The biotechnology industry started in the 1980s where it gave rise to monoclonal antibodies and recombinant insulin production[1]. The main focus of the rapidly growing industry is to bring new products to the marketplace to produce huge profits[1]. However, upon the expansion of this industry, the cost of resources and production started having a major influence and the main issue shifted to decreasing the cost of production while maintaining a high income. This was done through cost reductions of “operational efficiencies” and “process improvements” [1]. Examples of these include reduced downstream processing and achieving a higher yield with low contamination levels [2].

Recombinant proteins can be expressed in a variety of host systems including insect and mammalian cell cultures, yeast, and bacteria [3]. The bacterium Escherichia coli is used extensively for the production of therapeutic proteins on the industrial and commercial levels [4]. Mainly, because E. coli has the ability of rapid growth on cheap substrates at a high density, and it has an enormous amount of cloning vectors [5]. The simplicity of cultivation and low production cost make it a desired host organism for protein expression [6]. This host organism contributes to the production of almost 30% of the certified therapeutic proteins present in the market [7].

Most recombinant proteins are expressed in the cytoplasm of E.coli [8]. Despite countless effort of optimization, misfolding of the targeted protein still occurs, resulting in the generation of inclusion bodies [8]. An alternative approach is exporting the targeted protein to the periplasm of E.coli to obtain properly folded recombinant proteins [8]. This method has proven successful through the export of human growth hormone in a fully functional and active state [9]. Moreover, exporting proteins to the periplasm holds more advantages over intracellular production in E.coli [8]. Advantages include: N-terminal recognition of the targeted protein, simpler downstream processing, higher solubility and stability of the protein, and elevated biological activity [10]. For instance, it is easier to purify and separate the target protein from other cellular components in the periplasmic space [11].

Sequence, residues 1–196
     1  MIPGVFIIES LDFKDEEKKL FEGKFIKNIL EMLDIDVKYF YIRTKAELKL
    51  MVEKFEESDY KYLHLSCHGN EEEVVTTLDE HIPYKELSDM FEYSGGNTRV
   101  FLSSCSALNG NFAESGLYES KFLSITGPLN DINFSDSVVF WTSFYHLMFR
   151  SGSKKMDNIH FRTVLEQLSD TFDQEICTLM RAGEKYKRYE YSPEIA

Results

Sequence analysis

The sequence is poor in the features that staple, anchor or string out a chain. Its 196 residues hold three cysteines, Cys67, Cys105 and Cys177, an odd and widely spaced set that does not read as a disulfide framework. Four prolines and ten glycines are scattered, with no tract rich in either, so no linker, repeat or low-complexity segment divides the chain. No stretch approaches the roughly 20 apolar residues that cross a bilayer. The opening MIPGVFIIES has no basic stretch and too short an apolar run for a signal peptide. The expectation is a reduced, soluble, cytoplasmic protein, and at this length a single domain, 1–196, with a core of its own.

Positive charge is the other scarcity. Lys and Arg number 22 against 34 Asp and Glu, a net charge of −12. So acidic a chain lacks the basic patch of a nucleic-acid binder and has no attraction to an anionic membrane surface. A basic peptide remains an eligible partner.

Two transport pathways exist for translocating proteins from the cytoplasm, across the cytoplasmic membrane, and to the periplasm of E.coli [12]. The majority of cytoplasmic proteins are exported through the general secretory (Sec) pathway to the periplasm [13]. A separate pathway that functions in parallel to Sec is known as the twin-arginine translocation (Tat) pathway as it contains an Arg-Arg motif in the N-terminal signal peptide of the proteins which are exported by this pathway [13]. The Sec pathway is the main platform through which proteins get exported to the periplasm [14]. The proteins exported by Sec pathway are synthesized as “pre-proteins” and translocated to the periplasm in their unfolded state whereby they fold to their native structure [15] [16].